While I can play the piano, my childhood piano teacher, Miss Bayley, didn’t teach me much music theory – largely because she didn’t know much herself. About sixty years later I decided to correct this by going back to learn theory. But not to Miss Bayley, who would be about 128 years old and possibly retired. In any case, she lives interstate. I therefore enrolled in a course at the Sydney Conservatorium.
I never had the enthusiasm for Miss Bayley that I have for my current lecturer, a woman in her fortish with undisciplined hair, a variety of interesting boots and a ready laugh. I don’t even mind having to share her with a class of others striving to understand the endless intricacies of musical notation. Her classes are as joyful as they are instructive. Last week we tackled the 12 bar blues, as a musical idiom. This, with variations, is the backbone of many songs about trouble, probably because it came from the imported black cotton slaves of early America. Our homework was to write a 12 bar blues song based on a certain chord progression. The lyrics of my song were, roughly, “While I was having my leg amputated after a cotton machine accident my woman ran off with my best friend who lives next door, leaving me with seven kids – all girls.” The lecturer said that many blues songs were about people who might return or have just left, often with mutually saved family funds. I must say that when I’d written my music and played it over a few times there was no doubt: it was terrible. I won’t be entering it for Eurovision.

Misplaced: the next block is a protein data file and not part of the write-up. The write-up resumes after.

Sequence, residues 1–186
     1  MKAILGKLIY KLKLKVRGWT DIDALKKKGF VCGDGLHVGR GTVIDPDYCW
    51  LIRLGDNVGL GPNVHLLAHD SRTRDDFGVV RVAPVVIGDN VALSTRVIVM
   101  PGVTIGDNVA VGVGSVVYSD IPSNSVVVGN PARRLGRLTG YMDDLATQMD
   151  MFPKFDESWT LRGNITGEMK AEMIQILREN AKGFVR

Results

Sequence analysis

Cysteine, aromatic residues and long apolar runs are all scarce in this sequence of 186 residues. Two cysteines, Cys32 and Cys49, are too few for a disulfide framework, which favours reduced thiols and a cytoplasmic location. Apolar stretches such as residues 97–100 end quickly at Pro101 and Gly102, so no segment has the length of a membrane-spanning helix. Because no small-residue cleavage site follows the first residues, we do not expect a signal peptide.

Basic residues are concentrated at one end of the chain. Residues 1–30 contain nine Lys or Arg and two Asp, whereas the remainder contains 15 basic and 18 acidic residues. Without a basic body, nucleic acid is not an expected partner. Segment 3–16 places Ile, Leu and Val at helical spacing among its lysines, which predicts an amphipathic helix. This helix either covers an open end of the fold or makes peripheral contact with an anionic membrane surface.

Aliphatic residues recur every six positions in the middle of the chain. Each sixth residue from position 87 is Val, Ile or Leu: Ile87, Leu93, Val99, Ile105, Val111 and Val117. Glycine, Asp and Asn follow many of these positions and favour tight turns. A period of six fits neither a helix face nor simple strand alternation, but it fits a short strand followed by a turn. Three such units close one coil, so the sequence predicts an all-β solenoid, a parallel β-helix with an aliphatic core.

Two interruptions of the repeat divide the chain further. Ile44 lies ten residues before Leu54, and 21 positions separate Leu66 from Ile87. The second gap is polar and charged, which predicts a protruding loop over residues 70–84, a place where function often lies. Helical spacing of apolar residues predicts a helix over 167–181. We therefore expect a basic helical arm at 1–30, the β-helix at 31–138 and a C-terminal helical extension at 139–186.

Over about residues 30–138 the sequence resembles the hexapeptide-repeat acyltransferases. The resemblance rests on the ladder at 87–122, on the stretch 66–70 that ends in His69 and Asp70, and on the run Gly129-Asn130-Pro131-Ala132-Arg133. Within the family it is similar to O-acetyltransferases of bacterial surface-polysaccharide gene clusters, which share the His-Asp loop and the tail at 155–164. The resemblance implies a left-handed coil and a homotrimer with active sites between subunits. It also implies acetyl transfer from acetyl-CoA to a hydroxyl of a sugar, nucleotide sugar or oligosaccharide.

One of our main subjects is rhythm, indicated by the key signature and the length of the written notes. My imagination immediately jumped to the conclusion that rhythm would play a significant role in the sex lives of dedicated musicians. Instead of whispered words of love they would communicate with seductive time signature and note value suggestions, plus terms like prestissimo for when things are hotting up or largo for lying back later. The couple would start out with a few minum feelers, a heavy chord or two, some predictable crotchets which would turn into semiquavers as the pace quickened, and finish with a rushing upscale of hemi demisemiquavers. Then descending arpeggios, and soft, big minor semibreve chords as they go off to sleep. Quite a few composers have written musical intercourse. If you listen to Liszt’s famous ‘Liebestraum’ you’ll hear what I mean. This is as close Franz got to porm, I think.